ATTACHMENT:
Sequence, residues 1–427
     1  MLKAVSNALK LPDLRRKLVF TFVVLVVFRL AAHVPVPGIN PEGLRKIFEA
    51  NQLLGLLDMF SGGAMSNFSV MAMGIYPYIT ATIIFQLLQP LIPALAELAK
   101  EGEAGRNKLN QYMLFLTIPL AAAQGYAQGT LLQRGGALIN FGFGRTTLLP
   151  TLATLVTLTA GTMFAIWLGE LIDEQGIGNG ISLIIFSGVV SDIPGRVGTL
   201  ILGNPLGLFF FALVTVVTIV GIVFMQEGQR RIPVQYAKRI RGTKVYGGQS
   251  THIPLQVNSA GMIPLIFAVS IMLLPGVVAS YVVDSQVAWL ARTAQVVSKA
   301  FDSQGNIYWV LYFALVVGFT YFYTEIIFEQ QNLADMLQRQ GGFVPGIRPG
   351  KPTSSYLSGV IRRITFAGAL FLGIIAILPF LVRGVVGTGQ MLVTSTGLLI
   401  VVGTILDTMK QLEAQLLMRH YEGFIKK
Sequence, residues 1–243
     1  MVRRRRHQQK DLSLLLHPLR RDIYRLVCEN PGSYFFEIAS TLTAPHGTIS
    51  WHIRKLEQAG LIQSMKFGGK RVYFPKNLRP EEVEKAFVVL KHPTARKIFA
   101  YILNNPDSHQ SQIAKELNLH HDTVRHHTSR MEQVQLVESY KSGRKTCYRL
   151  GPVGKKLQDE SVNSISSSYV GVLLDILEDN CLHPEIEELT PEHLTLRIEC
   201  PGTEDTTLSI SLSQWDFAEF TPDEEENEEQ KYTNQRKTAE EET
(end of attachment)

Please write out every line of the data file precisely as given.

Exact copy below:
Sequence, residues 1–427
     1  MLKAVSNALK LPDLRRKLVF TFVVLVVFRL AAHVPVPGIN PEGLRKIFEA
    51  NQLLGLLDMF SGGAMSNFSV MAMGIYPYIT ATIIFQLLQP LIPALAELAK
   101  EGEAGRNKLN QYMLFLTIPL AAAQGYAQGT LLQRGGALIN FGFGRTTLLP
   151  TLATLVTLTA GTMFAIWLGE LIDEQGIGNG ISLIIFSGVV SDIPGRVGTL
   201  ILGNPLGLFF FALVTVVTIV GIVFMQEGQR RIPVQYAKRI RGTKVYGGQS
   251  THIPLQVNSA GMIPLIFAVS IMLLPGVVAS YVVDSQVAWL ARTAQVVSKA
   301  FDSQGNIYWV LYFALVVGFT YFYTEIIFEQ QNLADMLQRQ GGFVPGIRPG
   351  KPTSSYLSGV IRRITFAGAL FLGIIAILPF LVRGVVGTGQ MLVTSTGLLI
   401  VVGTILDTMK QLEAQLLMRH YEGFIKK
Sequence, residues 1–243
     1  MVRRRRHQQK DLSLLLHPLR RDIYRLVCEN PGSYFFEIAS TLTAPHGTIS
    51  WHIRKLEQAG LIQSMKFGGK RVYFPKNLRP EEVEKAFVVL KHPTARKIFA
   101  YILNNPDSHQ SQIAKELNLH HDTVRHHTSR MEQVQLVESY KSGRKTCYRL
   151  GPVGKKLQDE SVNSISSSYV GVLLDILEDN CLHPEIEELT PEHLTLRIEC
   201  PGTEDTTLSI SLSQWDFAEF TPDEEENEEQ KYTNQRKTAE EET